“We must take time to dress for our jobs, commute to our jobs, think about our jobs at work and at home, ‘decompress’ from our jobs. We must spend our evenings and weekends in mindless ‘escape entertainment’ in order to ‘recreate’ from our jobs.”
“How many people have you seen who are more alive at the end of the work day than they were at the beginning?”
“For most human history people only worked for two or three hours per day.”
“We’ve begun to lose the fabric of family, culture, and community that gave meaning to life outside the workplace. … Because life outside the workplace has lost vitality and meaning, work has ceased being a means to an end [financial support] and become an end in itself. … Our jobs now serve the function that traditionally belonged to religion: they are the place where we seek answers to the perennial questions: ‘Who am I?’ and ‘Why am I here?’ and ‘What’s it all for?'”
“Having the financial independence to walk away rarely triggers people to do just that. The reality is, making money is such hard work that it changes you. It takes twice as long as anyone plans for. It requires more sacrifices than anyone expects. You become so emotionally invested in that world- and psychologically adapted to it- that you don’t really want to ditch it.”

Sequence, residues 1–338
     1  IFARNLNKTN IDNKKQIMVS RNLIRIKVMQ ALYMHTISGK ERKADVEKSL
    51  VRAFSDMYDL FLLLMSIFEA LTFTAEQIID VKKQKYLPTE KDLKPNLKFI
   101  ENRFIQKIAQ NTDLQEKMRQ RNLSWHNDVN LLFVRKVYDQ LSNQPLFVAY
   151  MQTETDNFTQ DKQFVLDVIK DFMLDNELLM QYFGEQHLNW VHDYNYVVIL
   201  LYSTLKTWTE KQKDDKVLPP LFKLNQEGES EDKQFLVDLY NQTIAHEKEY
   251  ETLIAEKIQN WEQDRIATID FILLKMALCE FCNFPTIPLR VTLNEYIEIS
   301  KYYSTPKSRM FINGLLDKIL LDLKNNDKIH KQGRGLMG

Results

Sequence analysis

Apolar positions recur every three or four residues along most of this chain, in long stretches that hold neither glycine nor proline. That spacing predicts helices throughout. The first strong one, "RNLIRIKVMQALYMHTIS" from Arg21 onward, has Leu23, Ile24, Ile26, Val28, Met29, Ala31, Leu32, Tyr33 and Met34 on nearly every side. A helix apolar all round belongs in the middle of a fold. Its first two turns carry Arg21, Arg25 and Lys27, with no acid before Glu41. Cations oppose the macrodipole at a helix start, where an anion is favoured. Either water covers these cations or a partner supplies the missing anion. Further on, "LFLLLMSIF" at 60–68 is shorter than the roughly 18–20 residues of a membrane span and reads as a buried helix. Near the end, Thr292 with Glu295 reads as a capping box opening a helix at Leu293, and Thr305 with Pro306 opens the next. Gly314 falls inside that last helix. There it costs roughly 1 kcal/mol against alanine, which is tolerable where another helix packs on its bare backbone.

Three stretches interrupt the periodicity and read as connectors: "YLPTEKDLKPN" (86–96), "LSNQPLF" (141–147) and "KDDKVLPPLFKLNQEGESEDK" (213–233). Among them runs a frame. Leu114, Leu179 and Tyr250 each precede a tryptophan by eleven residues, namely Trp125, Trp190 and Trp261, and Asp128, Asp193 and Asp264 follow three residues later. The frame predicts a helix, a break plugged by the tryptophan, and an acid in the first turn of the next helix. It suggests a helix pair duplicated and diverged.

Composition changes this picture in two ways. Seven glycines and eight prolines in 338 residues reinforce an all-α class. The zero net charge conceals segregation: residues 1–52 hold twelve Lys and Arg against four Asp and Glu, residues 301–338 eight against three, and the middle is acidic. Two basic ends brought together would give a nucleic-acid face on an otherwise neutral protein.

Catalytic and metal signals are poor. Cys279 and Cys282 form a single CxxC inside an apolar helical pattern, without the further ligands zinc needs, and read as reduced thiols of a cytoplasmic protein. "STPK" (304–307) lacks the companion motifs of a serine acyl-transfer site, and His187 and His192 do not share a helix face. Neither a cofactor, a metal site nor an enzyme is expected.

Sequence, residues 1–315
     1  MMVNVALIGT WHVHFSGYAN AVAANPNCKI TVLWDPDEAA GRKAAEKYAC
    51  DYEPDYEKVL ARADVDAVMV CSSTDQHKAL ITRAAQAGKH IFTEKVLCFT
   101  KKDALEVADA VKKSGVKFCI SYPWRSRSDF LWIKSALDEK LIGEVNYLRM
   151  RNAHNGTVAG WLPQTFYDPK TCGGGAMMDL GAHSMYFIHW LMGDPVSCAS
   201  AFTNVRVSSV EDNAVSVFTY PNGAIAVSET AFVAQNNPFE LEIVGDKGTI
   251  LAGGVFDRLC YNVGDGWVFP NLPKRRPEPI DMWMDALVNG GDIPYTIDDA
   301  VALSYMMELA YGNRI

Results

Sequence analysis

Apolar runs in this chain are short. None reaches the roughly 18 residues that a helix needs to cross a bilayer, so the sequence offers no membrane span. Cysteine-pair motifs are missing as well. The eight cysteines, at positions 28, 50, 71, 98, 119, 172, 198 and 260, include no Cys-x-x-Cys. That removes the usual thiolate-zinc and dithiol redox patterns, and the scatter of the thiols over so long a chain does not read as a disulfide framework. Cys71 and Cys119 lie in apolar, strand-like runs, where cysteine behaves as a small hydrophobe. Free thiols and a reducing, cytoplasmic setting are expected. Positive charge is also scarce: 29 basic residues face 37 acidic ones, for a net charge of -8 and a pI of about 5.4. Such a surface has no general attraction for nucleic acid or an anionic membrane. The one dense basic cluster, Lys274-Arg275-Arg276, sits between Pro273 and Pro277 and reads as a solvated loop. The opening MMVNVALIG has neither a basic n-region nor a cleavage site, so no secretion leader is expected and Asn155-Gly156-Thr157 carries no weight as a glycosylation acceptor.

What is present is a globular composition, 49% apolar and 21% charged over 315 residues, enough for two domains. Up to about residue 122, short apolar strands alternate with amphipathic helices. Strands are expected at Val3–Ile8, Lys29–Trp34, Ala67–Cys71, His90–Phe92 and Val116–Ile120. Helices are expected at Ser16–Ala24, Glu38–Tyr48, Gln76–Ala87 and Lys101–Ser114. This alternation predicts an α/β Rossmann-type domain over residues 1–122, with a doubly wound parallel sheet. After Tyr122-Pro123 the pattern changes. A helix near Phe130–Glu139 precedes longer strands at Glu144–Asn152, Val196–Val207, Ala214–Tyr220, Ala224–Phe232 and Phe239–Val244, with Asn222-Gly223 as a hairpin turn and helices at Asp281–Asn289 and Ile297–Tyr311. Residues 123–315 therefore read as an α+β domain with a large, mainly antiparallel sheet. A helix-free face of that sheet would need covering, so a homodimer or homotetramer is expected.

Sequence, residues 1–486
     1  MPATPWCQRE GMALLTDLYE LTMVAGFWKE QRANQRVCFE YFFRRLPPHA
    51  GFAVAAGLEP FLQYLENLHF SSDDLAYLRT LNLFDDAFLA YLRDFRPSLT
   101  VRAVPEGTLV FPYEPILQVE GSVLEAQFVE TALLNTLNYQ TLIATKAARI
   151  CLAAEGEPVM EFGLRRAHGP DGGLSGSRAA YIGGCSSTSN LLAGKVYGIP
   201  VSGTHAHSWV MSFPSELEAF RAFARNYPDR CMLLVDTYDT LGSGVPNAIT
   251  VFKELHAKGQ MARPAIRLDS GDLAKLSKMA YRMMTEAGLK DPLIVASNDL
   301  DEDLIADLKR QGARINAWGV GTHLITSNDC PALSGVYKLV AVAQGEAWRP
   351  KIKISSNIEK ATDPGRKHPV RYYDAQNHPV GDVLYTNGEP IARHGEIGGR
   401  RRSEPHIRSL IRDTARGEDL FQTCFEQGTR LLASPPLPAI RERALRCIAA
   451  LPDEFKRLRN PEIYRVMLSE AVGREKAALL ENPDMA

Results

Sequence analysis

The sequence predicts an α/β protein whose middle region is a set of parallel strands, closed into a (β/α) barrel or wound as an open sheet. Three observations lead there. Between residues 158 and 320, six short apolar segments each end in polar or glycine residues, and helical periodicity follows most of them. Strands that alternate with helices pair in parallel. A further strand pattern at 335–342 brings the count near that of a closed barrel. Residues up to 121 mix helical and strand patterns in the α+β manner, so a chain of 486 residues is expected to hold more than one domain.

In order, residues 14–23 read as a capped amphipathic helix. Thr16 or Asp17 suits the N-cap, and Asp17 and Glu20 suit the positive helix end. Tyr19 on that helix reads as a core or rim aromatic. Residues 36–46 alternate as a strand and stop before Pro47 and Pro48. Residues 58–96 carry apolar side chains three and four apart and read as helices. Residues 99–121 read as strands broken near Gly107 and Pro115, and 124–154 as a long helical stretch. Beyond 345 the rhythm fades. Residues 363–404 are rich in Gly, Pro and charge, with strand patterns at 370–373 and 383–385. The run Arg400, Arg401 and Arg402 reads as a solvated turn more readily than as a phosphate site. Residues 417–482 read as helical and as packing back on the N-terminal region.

There is this paradox between not letting your job be the center of your life and finding a job that you “come alive” doing. With the amount of time we spend at our jobs (see first quote), it seems we should find something we truly enjoy doing. But at the same time, our jobs aren’t necessarily supposed to be the one source of our satisfaction, nor the source of our identity- they’re a means for us to enjoy the rest of our life (assuming we have time and energy left to enjoy it). I found a lot of “food for thought” in this chapter, and I welcome your comments and reflections.